There are a few words and phrases in the therapy and developmental disabilities world that should always make you raise your eyebrows and be skeptical.
The biggest is "guaranteed."
Any therapy that "guarantees" success is likely being less than honest with their success rates. That's not to say that they don't have a high rate of success with clients, or that their methods are ineffective. They very well could be!
But any type of therapy is a highly individualized process. Success in speech therapy, occupational therapy, physical therapy, or music therapy, depends heavily on a client-therapist personality fit. "Guaranteeing" that process is dubious at best.
I'll be the first to admit that music therapy isn't for everybody. Some individuals on the autism spectrum have strong sensory sensitivities that would make music therapy ineffective or unpleasant for that person (though I will add that music is far different from typical environmental sounds, and music therapy may be an extremely effective therapy for some individuals with mild or moderate auditory sensitivity). Some individuals aren't engaged or motivated by music, and music therapy just isn't something that will engage them appropriately.
And that's okay!
The question then is: how long should I give music therapy a shot before I decide it's not going to work?
This is a difficult question to answer, and another one of those situations that all depends on the situation. So while I can't provide a definitive, quantitative answer, I can tell you this:
You should try it more than once.
Yeah, I know, very insightful. But you'd be surprised how many people give music therapy one hour, then decide it's not going to work. There are a variety of factors though that make this an unwise decision.
1. Change in Routine
New therapy means a new routine. New schedule, new environment, and new people. For many kids and teens (especially on the autism spectrum), changes in routine take some time to adjust to.
2. Long Term Goals = Long Term Gains
We write our goals in 6-month increments, partly because a good goal ought to challenge an individual. Any goal that can be mastered in one or two sessions isn't a good goal!
3. Learning the Ropes
Not only is a new therapy a change in routine for a child or teen, it's also a new routine to learn. Anytime we take on a new task, it takes us some time to learn how it works, what the expectations are, and get our feet underneath us. It's very normal for new clients to struggle initially in a new therapy setting, even with skills they previously have mastered. Give it some time.
4. The Honeymoon
Every therapist and teacher knows what "the honeymoon" is. Anytime we get introduced to something new, fun, and exciting, there's always a brief period of bliss. Kids and teens starting a new therapy go through the same thing. Everything is new! Look at all these fun instruments! Music therapy is the greatest!
But it's also quite common to see this period fade after a few weeks. Then we frequently reach the testing the limits stage. Things aren't as new and exciting now. Now we frequently see kids and teens testing the limits to see how much they can get away with. Maladaptive behaviors may increase temporarily.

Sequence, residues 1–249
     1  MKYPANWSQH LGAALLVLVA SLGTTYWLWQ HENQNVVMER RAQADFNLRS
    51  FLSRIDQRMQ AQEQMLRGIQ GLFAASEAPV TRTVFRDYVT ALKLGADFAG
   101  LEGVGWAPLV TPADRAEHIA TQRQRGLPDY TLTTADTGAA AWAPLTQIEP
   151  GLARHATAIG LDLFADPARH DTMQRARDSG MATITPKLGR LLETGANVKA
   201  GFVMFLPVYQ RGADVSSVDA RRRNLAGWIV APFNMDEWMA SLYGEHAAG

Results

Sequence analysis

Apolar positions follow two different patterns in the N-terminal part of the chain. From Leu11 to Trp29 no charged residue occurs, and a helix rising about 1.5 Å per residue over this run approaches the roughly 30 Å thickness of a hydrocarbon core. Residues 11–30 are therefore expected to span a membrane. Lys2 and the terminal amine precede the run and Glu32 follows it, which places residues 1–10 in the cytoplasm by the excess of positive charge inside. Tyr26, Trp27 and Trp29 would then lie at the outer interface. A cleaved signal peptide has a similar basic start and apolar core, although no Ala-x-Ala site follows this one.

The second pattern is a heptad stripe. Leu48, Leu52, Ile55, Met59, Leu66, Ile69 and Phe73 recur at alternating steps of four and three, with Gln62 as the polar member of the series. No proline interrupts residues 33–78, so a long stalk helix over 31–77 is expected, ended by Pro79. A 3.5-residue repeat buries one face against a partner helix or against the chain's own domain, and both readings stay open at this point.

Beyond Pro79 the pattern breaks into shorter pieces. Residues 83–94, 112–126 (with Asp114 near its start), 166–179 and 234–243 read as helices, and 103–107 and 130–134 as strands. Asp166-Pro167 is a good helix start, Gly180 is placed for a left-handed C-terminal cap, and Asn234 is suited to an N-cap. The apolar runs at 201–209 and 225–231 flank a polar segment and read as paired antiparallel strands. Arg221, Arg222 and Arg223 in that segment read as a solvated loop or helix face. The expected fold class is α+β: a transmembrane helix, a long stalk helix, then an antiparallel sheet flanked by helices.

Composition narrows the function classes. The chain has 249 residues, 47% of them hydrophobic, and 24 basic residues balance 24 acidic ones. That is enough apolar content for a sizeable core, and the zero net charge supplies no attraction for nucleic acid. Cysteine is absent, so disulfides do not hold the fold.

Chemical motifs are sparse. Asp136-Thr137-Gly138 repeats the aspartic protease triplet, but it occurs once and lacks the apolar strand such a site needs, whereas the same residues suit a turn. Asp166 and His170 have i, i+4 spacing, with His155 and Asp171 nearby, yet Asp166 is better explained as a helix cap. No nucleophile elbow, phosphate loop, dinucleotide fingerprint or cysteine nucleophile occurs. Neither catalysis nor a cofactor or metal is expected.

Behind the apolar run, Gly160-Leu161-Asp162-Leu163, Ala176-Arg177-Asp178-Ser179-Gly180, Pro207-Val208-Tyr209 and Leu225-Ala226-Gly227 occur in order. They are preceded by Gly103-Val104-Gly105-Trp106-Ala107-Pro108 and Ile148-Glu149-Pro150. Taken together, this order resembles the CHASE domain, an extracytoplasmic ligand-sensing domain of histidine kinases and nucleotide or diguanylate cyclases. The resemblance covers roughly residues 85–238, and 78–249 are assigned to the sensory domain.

Soon after, we reach a stage of normalcy. It's very common to see waves of excellent behavior, followed by less-than-excellent-behavior, then back to a normal stage. To stop therapy before this process takes place would be premature.
3 Months is a Good Rule of Thumb
Would you go to the gym once, go home and step on the scale, then quit working out because you didn't see instant returns?
Would you buy stock in a company, only to sell it all off the next day because it didn't blow up overnight?
Not likely. You have to understand that these kind of things have a long term pay-off. Therapy should be approached from this same sort of long-term investment mindset. While every situation is different, a good general guideline would be to try things out for around 3 months. This should be enough time for your child to learn a new routine, adjust to the change, get to know their therapist, and see if this is a placement where they will be successful.
Of course, there are situations that would dictate cutting off therapy prior to this mark. Don't waste your time with a therapist that is grossly unprofessional (no documentation, lack of adequate training, etc.). These are signs that should alert you that you're not working with the kind of therapist that can help your child reach their fullest potential.
While 3 months is our typical recommendation at The George Center, we also never ask you to sign a contract or commit to a certain number of sessions. We want to ensure that you are 100% pleased and comfortable with your therapy services, and if you aren't, we want you to find a place where you will be. Locking a client into a 3-month contract would be unethical and unfair.
Interested in giving music therapy a try? Set up a free consultation and we'll answer all your questions!